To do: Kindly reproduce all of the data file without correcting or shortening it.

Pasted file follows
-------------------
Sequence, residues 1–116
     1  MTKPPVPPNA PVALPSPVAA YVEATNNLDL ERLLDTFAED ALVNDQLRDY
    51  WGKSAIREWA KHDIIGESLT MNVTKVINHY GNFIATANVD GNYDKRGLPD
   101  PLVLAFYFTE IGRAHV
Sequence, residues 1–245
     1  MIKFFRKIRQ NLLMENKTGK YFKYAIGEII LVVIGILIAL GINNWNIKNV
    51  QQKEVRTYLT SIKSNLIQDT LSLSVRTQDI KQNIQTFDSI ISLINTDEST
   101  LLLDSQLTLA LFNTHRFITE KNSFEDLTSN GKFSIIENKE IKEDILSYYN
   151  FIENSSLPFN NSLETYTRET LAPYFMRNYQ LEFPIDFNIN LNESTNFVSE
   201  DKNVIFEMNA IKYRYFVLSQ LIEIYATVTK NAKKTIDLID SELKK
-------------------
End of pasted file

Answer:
Sequence, residues 1–116
     1  MTKPPVPPNA PVALPSPVAA YVEATNNLDL ERLLDTFAED ALVNDQLRDY
    51  WGKSAIREWA KHDIIGESLT MNVTKVINHY GNFIATANVD GNYDKRGLPD
   101  PLVLAFYFTE IGRAHV
Sequence, residues 1–245
     1  MIKFFRKIRQ NLLMENKTGK YFKYAIGEII LVVIGILIAL GINNWNIKNV
    51  QQKEVRTYLT SIKSNLIQDT LSLSVRTQDI KQNIQTFDSI ISLINTDEST
   101  LLLDSQLTLA LFNTHRFITE KNSFEDLTSN GKFSIIENKE IKEDILSYYN
   151  FIENSSLPFN NSLETYTRET LAPYFMRNYQ LEFPIDFNIN LNESTNFVSE
   201  DKNVIFEMNA IKYRYFVLSQ LIEIYATVTK NAKKTIDLID SELKK